And speaking of that Texas lawsuit for Gerrymandering

Quote:
On Friday evening, a panel of federal judges in the Western District of Texas ruled 2-1 that three Congressional districts must be redrawn. The two judges who sided with the plaintiffs found that the way in which these three districts were drawn amounted to an unconstitutional dilution of the Hispanic vote. The ruling affects the districts currently represented by Reps. Blake Farenthold (R), Will Hurd (R), and Lloyd Doggett (D).


http://www.csmonitor.com/USA/Politics/2017/0311/Will-gerryma...

But the Justice Department pulled out of this lawsuit against a GOP attempt to discriminate against Hispanic voters. Funny that.

So sorry, its not a matter of me being "hurting, scared and angry", as much as others being too blind to what the GOP has now become, and the horrendous path they are willing to take.

And I am still waiting to see if Rep King actually suffers any meaningful sanctions for his outrageous statements as well

Its not demonizing if there is actually a real demon afoot in the GOP


Oh, I see now.
You can see a demon that must be opposed that has taken over much but not all of the Repub Party.

But, you don't see the demon that has taken over part but far from all the Muslim believers and some see that it threatens always to expand because they see it in the plain language of the book.

Recently, I ran into the same attitude in another thread.
There, some Millennials attacked all Baby Boomers because of policies about half of them supported while the other half fought them tooth and nail but lost. It felt like they were attacking me personally.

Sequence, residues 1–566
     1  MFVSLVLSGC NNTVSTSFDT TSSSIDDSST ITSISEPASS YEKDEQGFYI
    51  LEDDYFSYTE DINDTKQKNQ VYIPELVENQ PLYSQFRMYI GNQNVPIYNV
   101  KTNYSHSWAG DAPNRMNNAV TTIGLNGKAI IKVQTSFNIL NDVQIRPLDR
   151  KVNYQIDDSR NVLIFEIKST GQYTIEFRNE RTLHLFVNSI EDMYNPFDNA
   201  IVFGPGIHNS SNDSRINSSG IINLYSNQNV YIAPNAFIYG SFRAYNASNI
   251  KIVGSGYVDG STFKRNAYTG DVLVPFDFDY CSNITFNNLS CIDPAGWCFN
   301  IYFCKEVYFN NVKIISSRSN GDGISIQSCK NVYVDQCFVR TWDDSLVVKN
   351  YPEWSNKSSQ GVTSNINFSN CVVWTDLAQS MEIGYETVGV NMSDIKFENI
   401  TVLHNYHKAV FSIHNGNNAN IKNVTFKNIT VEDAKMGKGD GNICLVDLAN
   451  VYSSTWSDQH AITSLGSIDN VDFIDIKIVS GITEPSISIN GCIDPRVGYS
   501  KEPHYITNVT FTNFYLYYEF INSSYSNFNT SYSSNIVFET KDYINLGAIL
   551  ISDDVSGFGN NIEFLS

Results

. . And, the reason they won was that they alined with majorities of the 2 older generations, not that they were the majority all by themselves.
 
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Steve1501 wrote:
THINGS



The difference being is that these supposed "Muslim factions" aren't representatives of OUR government, and thus a direct extension of the people (and their beliefs). One is local and immediate, the other is an entity that has very little power or consequence to me at all.

And the two are similar, how? Except they are both things that people demonize?

What exactly is your point... just trying not to assume here.


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Steve1501 wrote:

Oh, I see now.
You can see a demon that must be opposed that has taken over much but not all of the Repub Party.

But, you don't see the demon that has taken over part but far from all the Muslim believers and some see that it threatens always to expand because they see it in the plain language of the book.


I never get tired of seeing people whose entire study of the Qur'an consists of "some quotes I read on a website" talk about how obvious it is that ISIS and al-Qaeda got it right, and that the overwhelming majority of the world's Muslims, and 1400 years of mainstream Islamic scholarship are just too dumb or too naïve to see what's so plain to their cursory reading of the text.